Asia Defense

What’s in the Philippine Navy’s New Missile Test?

A closer look at the broader significance of a successful test of a new missile system.

What’s in the Philippine Navy’s New Missile Test?
Credit: Wikimedia Commons

Last week, the Philippine Navy (PN) conducted a successful test of a new missile system. The success represents a significant, albeit limited, boost for the Southeast Asian state’s military modernization but significant challenges still lie ahead.

As I have noted before in these pages, one of the key developments within Philippine military modernization under President Rodrigo Duterte has been the finalization of procurement of Spike extended range missile systems from Israeli weapons weapon manufacturer Rafael Advanced Defense Systems, to be installed on the PN’s multiple-purpose attack craft (MPACs) (See: “What’s Next for Philippine Military Modernization Under Duterte?”).

Three MPACs had officially been added to the 3rd Boat Attack Division of the PN’s Littoral Combat Force (LCF) in May 2017 in accordance with Philippine defense modernization plans, and they were made available for use for a variety of purposes including patrols, search and rescue, ship boarding, and surface warfare operations. After some delays, Philippine defense officials confirmed subsequently that the missile system had finally arrived in late April 2018.

The next step that observers were looking to, following technical inspections and other preliminary steps, was the integration of the missile system into the MPACs, and, subsequently, the actual testing of the missile system. Philippine officials had said shortly after the delivery in April that this would occur in a matter of months, perhaps as early as July. But inclement weather had caused that timeline to be pushed back a few weeks.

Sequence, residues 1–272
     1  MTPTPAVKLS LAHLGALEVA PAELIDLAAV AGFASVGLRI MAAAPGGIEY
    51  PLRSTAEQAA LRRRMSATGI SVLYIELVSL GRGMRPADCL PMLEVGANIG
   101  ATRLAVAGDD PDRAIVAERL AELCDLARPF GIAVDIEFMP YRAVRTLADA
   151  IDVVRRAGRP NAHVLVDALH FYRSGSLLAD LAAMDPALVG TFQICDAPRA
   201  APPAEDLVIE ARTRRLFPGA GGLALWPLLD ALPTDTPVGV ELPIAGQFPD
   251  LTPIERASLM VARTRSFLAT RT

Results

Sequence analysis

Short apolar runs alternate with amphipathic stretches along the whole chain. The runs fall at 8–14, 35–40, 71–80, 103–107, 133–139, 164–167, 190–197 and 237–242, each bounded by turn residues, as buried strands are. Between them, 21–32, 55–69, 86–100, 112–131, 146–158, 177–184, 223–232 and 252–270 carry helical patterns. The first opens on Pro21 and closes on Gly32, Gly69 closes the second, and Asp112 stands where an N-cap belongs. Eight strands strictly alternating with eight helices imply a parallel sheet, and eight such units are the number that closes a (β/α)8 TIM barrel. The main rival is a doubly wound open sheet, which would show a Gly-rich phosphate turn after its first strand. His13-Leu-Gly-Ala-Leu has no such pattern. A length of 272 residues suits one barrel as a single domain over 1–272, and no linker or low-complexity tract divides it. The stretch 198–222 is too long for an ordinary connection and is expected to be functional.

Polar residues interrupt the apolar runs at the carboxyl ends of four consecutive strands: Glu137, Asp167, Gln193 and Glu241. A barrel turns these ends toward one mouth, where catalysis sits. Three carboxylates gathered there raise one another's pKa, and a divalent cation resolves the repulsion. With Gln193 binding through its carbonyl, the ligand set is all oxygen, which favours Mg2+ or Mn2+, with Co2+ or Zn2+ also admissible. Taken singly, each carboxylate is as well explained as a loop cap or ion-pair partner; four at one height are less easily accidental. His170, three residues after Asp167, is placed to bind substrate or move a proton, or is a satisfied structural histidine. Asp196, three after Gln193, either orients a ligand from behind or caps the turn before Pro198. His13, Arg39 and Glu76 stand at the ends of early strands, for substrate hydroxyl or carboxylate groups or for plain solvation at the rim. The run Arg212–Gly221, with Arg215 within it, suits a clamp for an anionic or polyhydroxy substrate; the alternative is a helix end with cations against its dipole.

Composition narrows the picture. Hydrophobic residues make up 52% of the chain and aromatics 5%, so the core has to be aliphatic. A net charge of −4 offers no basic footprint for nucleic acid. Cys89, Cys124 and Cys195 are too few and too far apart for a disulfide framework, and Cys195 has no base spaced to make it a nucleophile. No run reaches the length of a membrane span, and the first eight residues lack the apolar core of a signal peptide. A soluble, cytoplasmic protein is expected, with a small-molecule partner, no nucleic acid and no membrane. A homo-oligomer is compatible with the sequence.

Finally, on August 9, the Philippine Navy and representatives from Rafael conducted a successful sea acceptance test of the Spike missile systems off of Bataan. The Spike-ER surface-to-surface missile was fired from one of the PN’s three MPACs and successfully hit a floating target 6 kilometers away. The result was confirmed by Philippine Defense Secretary Delfin Lorenzana.

The successful completion of the test means that the PN now is officially equipped with its first-ever anti-surface missile capabilities. Navy spokesperson Jonathan Zata called the step a “milestone” for the PN within its broader modernization. Philippine officials have also noted previously that the missile-equipped MPACs would greatly enhance the PN’s ability to counter threats in littoral areas for missions ranging from counterterrorism to maritime law enforcement operations.

To be sure, this is just one step in the integration of the missiles into the vessels. According to the Philippine News Agency, Zata indicated that the current plan was to schedule another live firing demonstration of the missile that would be attended by Duterte himself as part of ongoing efforts to demonstrate the new, significant capability.

But looking further ahead, the development also has implications for how the Philippines approaches this aspect of its military modernization going forward. Philippine defense officials, including Lorenzana himself, have previously indicated that more of such missile systems might be in the works for PN ships in the future, considering the capabilities it needs and the nature of warfare. This recent advance is no doubt a boost in this respect, even if significant challenges remain to be navigated ahead.